My brothers and sisters, I am deeply grateful for the opportunity to speak at this conference. I am grateful for President Thomas S. Monson, and I testify that he is a prophet of the living God. I am deeply impressed by the wonderful example of President Monson, who has spent his life using his hands to help and save others.
We live in a day when many people are faced with calamities and are in need of help due to the devastating effects of earthquakes, tsunamis, hurricanes, and other natural disasters. The Church is reaching out to these people through humanitarian aid. Church members faithfully give generous fast offerings each month and perform service in a spirit of love. They literally offer helping hands in the Lord’s way. They follow the commandment of the Lord to “remember in all things the poor and the needy, the sick and the afflicted, for he that doeth not these things, the same is not my disciple” (D&C 52:40).
Today I would like to focus on hands that help and save spiritually. The Lord’s work and glory truly is “to bring to pass the immortality and eternal life of man” (Moses 1:39). Many around us need spiritual help. As we offer a saving hand to less-active members, to part-member families, and to those not of our faith, we invite all to “come unto Christ.”1
As a new convert to the Church, I experienced a spiritual rescue through the saving hands of a faithful member of the Church. I grew up in Matsumoto, Japan, close to where the Nagano Winter Olympics were held. My hometown looks very much like Salt Lake City, a valley surrounded by beautiful mountains. When I was 17 years old, I met two American missionaries, Elder Carter and Elder Hayashi. Though our ages were only two or three years apart, the elders had something wonderful that I had never felt before. They were diligent, cheerful, and filled with love and light. I was deeply impressed by their qualities, and I wanted to become like them. I listened to their message and decided to be baptized. My parents, who were Buddhist, strongly opposed my baptism. Through the help of the missionaries and the Lord, I received permission and miraculously was baptized.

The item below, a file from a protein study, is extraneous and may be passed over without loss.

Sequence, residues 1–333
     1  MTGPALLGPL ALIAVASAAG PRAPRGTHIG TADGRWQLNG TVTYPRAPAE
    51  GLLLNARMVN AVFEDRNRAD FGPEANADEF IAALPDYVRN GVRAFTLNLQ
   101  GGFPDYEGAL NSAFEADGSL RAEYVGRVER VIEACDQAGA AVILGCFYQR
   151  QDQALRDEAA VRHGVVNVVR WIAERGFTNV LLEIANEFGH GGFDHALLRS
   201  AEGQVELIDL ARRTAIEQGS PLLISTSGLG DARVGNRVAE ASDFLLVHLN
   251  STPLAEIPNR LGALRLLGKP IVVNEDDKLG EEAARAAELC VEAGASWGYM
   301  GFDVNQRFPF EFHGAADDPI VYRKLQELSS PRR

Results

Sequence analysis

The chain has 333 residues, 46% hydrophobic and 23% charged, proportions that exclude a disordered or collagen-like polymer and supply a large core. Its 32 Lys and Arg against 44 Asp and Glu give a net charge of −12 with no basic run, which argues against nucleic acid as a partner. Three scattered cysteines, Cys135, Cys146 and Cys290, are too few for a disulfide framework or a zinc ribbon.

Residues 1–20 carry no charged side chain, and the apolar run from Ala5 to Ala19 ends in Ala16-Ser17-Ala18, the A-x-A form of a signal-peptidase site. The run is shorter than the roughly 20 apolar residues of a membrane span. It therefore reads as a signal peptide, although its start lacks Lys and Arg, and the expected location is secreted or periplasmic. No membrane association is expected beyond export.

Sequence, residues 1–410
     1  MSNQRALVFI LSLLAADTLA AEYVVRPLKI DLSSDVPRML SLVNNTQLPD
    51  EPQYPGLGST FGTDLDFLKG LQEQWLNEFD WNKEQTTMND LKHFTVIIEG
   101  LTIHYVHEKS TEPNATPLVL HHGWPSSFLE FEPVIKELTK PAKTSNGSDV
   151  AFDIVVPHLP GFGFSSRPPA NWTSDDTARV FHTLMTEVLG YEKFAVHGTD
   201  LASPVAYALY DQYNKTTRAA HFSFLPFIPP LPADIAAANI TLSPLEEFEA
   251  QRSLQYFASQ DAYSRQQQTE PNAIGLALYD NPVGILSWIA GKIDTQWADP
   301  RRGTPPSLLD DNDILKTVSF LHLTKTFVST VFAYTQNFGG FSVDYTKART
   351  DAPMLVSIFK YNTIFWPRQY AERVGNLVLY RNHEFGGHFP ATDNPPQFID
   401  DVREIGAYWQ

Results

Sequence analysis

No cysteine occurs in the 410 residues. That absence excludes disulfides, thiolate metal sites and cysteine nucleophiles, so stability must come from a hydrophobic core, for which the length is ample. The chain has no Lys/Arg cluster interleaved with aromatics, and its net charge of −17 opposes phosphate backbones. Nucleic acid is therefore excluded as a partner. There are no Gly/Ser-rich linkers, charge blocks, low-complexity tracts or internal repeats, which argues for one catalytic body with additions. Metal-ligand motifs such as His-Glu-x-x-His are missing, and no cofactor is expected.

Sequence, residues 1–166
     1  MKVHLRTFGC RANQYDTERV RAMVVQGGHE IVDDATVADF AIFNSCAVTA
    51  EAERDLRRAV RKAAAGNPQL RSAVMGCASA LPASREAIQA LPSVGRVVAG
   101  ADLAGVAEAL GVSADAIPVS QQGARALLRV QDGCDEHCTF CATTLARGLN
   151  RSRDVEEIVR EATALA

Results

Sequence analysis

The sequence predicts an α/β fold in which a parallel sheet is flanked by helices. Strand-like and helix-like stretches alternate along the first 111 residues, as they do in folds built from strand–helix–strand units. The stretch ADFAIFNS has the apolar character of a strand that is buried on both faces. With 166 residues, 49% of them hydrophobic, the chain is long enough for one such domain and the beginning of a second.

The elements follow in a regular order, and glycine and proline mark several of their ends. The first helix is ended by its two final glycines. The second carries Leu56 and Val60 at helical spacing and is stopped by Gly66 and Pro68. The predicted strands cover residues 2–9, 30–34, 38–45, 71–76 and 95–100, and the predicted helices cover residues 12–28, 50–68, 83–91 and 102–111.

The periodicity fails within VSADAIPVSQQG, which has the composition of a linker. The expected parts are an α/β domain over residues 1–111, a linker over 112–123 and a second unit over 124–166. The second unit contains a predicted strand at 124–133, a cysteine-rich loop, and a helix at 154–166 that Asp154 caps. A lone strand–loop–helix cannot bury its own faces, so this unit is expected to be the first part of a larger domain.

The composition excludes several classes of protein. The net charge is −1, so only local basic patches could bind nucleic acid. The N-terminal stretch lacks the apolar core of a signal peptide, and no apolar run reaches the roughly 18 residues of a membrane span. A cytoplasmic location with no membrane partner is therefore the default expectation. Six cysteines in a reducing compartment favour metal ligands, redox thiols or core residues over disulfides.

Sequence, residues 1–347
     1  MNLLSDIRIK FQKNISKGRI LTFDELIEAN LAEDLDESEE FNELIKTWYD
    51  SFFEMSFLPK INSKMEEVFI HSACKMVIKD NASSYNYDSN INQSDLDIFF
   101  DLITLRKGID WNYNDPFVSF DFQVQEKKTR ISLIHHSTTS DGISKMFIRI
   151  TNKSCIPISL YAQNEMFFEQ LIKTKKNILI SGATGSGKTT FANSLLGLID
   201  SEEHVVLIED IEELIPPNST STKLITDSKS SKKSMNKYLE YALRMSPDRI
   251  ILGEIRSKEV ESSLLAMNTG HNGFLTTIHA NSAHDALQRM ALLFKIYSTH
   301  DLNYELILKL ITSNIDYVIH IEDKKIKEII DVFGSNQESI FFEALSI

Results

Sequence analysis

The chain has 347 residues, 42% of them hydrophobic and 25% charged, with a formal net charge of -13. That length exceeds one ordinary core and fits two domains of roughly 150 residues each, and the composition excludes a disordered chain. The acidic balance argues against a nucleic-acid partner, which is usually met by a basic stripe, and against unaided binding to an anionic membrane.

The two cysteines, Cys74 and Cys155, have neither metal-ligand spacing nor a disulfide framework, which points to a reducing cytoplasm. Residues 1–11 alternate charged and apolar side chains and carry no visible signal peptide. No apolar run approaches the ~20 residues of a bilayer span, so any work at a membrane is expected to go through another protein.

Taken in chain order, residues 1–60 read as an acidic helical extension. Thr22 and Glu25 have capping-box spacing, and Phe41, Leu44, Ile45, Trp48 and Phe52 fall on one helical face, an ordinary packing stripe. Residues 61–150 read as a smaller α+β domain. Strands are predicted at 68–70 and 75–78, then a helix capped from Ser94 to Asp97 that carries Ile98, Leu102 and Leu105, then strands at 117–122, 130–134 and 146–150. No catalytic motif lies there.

The next year I entered the university in Yokohama. Living alone, far from my hometown and the people I knew, I became lonely and strayed from the Church. One day I received a postcard from a Church member back home. She wrote that she had heard I was not attending Church meetings. She quoted a scripture and invited me to return to church. I was overwhelmed by the words of the scripture. This helped me realize that maybe I had lost something important, and I pondered and struggled for many days. This also caused me to remember a promise the missionaries had made to me: “If you read the Book of Mormon and ask in fervent prayer if the promise found in Moroni is true, you will know the truth through the power of the Holy Ghost.”2